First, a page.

Why do people choose to be depressed? Why can’t they just snap out of it? If someone is suicidal, they’re just a coward. They just act that way for attention.
The statements and ideas above are false. These are examples of the misconceptions that many people in our society have concerning depression and suicide. These misconceptions are caused by Stigma. Stigma is defined as a mark of blame or disgrace. It shames people into believing false information about a certain topic. In the case of depression and suicide, stigma causes people to believe that if someone is depressed, they must be ‘crazy’. Or that someone who is thinking about suicide is taking the ‘easy way out.’ Stigma develops because of misinformation most often perpetuated by a lack of understanding and knowledge.
Depression is a mental illness and as such, has a tremendous amount of stigma associated with it. One of the misunderstandings that exists is that if someone has a mental illness they are dangerous or out of control in some way. Another is that depression is not a mental illness but a choice. The impact of stigma can be very destructive. When people suffering from depression are exposed to stigma and hear these statements it can prevent them from seeking the help they need. They feel that if they speak up about their struggle they will be ridiculed, not taken seriously or even shunned by their family and friends. They don’t want to be seen as weak or out of control of their lives. If people keep their depression to themselves and do not seek help they are at an increased risk to die by suicide.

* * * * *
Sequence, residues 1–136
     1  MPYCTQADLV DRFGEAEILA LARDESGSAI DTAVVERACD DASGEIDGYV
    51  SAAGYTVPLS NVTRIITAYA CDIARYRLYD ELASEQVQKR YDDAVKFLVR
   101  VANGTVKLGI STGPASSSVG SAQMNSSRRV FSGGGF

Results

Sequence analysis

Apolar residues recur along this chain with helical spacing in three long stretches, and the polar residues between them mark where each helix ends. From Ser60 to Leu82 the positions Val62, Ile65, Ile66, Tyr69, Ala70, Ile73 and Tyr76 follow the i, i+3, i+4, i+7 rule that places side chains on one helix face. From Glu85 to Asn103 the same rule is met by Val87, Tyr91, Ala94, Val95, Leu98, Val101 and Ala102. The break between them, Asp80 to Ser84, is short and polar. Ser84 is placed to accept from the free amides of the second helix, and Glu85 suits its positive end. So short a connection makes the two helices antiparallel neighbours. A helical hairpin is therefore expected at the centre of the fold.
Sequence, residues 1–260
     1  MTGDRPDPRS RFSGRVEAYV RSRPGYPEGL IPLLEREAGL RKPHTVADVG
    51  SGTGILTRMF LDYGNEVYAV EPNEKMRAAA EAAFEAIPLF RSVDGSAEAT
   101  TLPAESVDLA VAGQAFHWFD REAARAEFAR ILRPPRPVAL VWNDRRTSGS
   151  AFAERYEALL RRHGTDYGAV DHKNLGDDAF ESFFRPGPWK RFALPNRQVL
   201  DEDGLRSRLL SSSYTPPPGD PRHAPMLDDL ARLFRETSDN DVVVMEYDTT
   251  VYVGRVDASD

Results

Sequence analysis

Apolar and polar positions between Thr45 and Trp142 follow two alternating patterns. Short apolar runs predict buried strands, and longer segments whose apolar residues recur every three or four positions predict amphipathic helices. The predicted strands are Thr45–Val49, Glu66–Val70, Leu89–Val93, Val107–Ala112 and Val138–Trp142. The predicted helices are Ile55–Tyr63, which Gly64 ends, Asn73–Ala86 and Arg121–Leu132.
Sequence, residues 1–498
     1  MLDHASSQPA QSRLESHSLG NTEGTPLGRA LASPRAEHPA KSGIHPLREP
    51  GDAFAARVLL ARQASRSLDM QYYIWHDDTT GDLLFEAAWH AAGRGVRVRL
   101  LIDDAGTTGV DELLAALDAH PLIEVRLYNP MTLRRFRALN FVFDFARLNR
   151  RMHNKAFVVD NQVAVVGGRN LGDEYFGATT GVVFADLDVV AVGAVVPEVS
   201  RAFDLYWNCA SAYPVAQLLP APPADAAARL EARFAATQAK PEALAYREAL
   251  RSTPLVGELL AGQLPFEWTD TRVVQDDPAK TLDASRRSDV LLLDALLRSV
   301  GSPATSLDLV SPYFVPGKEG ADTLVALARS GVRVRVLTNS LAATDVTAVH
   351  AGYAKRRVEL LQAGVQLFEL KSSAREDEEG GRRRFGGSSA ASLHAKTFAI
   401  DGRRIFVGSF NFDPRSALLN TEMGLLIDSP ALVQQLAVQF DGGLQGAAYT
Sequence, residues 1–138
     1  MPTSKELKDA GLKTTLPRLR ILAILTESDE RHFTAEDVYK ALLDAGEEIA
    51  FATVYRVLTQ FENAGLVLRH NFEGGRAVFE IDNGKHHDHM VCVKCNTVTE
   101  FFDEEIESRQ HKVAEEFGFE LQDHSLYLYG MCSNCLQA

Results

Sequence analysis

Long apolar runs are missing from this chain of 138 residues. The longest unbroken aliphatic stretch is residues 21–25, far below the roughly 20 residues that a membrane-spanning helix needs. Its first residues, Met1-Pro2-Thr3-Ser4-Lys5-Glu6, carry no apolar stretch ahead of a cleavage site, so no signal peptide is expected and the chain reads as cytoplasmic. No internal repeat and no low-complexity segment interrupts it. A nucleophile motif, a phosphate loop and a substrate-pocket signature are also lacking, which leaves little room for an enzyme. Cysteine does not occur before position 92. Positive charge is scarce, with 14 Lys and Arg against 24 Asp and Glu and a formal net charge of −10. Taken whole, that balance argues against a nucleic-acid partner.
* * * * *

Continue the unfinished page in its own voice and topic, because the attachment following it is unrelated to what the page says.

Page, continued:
By eliminating the stigma associated with depression more people will feel comfortable getting help with their depression and talking about their suicidal thoughts. Reducing stigma can be a challenge but it is a challenge our local community has accepted. Organizations like HelpLine of Delaware and Morrow Counties, Inc. offer community education programs to inform the population on depression and suicide so they can learn the truth about these issues. Once people are educated, stigma can begin to decrease. People become aware of the harmful impacts of stigma and can begin to change the way they think and talk about mental illness.
It might sound like a difficult task but you can start by reducing your own actions that perpetuate the stigma around depression. Be aware of the things you say and the jokes you make. Are you using words like ’crazy’ when talking about depression? Are you avoiding the topic of suicide if it is discussed? If someone in your life is depressed don’t be afraid to talk to them. Help them get help. Once you change these behaviors in yourself others may follow. You can lead by example in your community and inform others about the facts around depression and suicide. To learn more information about how you can reduce stigma, go to www.bringchange2mind.org.